Northern Safety & Industrial

Danger in Railroads: Safety Rules Around Tracks Include These 3 Hazards

There are approximately 147,000 workers employed in the rail industry as locomotive engineers, rail-track laying and maintenance equipment operators, railroad conductors and yardmasters, and more. While they all have different roles, there is one common factor between each-- the importance of working safely.

Collisions, derailments, and machinery malfunctions are obvious threats to rail workers, but many injuries are caused by unexpected events, such as being struck by an object, exposure to loud noises, and heat stress. Going home at night with no injuries is the ultimate goal. However, practicing safety every day and having the proper personal protective equipment (PPE) is vital to protecting yourself from these injuries and conditions. 

Obstructed Line of Sight

Struck-by injuries involve a worker being hit by any piece of equipment or object that is falling, swinging or rolling. These injuries, as well as slips, trips and falls, are two of the Occupational Safety and Health Administration’s (OSHA) “fatal four” hazards. Both often occur because the worker’s line of sight was obstructed.

To avoid both of these injuries, it’s important that your peripheral vision is not obstructed. You should always be aware of your surroundings to avoid injury to yourself and others. Choose jackets with hoods that give you a clear view of everything around you, so that you can always see your coworkers, nearby equipment, and any vehicles in the area. 

Exposure to Loud Noise

Occupational hearing loss is one of the most common work-related illnesses in the US. Unfortunately, the inability to hear well can be an obstacle to communication and social interaction and contribute to a decreased quality of life.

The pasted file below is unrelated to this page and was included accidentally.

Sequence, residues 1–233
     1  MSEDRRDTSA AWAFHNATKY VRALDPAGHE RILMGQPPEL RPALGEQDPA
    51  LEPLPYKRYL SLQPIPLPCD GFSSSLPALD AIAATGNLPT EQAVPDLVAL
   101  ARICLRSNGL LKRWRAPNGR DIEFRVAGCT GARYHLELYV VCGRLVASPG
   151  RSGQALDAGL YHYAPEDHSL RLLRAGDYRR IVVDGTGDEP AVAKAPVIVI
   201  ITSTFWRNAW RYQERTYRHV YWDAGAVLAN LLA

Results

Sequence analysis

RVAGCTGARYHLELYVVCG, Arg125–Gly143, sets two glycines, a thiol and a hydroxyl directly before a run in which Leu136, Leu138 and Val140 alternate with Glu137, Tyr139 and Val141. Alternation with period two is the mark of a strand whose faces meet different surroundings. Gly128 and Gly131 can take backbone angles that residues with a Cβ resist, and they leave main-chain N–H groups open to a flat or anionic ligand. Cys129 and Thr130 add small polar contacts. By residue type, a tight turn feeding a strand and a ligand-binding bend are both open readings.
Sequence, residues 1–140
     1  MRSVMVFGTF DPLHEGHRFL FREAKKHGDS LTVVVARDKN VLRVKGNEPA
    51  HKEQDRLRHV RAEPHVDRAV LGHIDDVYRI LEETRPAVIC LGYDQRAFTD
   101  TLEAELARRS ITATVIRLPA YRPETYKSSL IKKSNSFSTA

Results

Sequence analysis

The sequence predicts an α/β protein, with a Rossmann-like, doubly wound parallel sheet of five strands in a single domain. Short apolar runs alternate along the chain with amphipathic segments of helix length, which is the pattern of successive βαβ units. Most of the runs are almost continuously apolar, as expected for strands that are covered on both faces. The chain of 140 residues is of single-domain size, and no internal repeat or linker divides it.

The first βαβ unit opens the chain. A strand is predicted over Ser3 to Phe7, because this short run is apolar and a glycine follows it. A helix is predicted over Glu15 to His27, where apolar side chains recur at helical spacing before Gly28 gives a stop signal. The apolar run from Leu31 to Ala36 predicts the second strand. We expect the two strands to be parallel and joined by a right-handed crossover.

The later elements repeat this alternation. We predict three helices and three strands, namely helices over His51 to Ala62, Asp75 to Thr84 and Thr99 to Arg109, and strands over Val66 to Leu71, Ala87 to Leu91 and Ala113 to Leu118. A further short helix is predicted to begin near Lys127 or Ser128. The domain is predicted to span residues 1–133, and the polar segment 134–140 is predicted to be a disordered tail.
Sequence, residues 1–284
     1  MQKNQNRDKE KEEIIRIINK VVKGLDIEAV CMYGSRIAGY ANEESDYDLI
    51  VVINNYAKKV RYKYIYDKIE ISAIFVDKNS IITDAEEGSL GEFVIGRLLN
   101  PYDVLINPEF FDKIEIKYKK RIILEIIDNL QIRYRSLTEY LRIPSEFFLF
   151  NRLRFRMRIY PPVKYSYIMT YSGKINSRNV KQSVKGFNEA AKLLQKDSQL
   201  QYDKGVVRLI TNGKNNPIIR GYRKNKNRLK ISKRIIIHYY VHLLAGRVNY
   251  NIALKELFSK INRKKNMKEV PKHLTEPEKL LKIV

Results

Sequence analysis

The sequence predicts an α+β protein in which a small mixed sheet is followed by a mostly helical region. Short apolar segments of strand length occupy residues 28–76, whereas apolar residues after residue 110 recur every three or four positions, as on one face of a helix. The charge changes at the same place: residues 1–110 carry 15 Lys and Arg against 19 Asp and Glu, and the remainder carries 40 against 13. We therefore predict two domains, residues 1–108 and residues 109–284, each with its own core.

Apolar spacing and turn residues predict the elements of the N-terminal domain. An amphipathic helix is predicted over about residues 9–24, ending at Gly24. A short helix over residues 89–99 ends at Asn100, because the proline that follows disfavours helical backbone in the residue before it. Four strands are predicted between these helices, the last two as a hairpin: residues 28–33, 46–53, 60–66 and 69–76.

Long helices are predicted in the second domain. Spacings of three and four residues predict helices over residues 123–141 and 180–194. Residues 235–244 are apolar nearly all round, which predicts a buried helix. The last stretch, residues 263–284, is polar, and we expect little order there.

According to the National Institute for Occupational Safety and Health (NIOSH), the established recommended exposure limit for occupational noises is 85 decibels, A-weighted as an eight-hour time weighted average. Any exposure at or above this level is considered hazardous.

Jobs that involve working with or near track maintenance equipment or railroad construction equipment are just a few examples of jobs with prolonged noise exposures, and hearing protection should always be worn by these workers. There are different types of hearing protection to choose from, including ear muffs, disposable ear plugs, foam ear plugs, banded hearing protectors, and more. Finding one that works best for you and your job type is key to reducing any damage to your hearing.

Heat Stress

High temperatures and heavy workloads put workers at risk for developing heat stress during hot weather. Outdoor activities performed by track gangs, tie gangs and bridge crews often require employees to work in direct sunlight underneath layers of bulky protective clothing and equipment. Without a proper way to get rid of excess heat, the body stores it, resulting in heat rash, heat exhaustion or even heat stroke.

Fortunately, by following guidelines from the Centers for Disease Control and Prevention (CDC) and OSHA, heat stress can be avoided. One of the most common ways is to wear sunscreen. Sunburn affects your body’s ability to cool down and dehydrates you, so always make sure to wear sunscreen labeled “broad spectrum” or “UVA/UVB protection.” You should also drink fluids, including electrolyte-replacing drinks to replace any salt and minerals you lose through sweating. Lastly, check your local news for any extreme heat alerts, and take breaks in shady areas as much as possible. 

Go Back to Safety News
Back to Top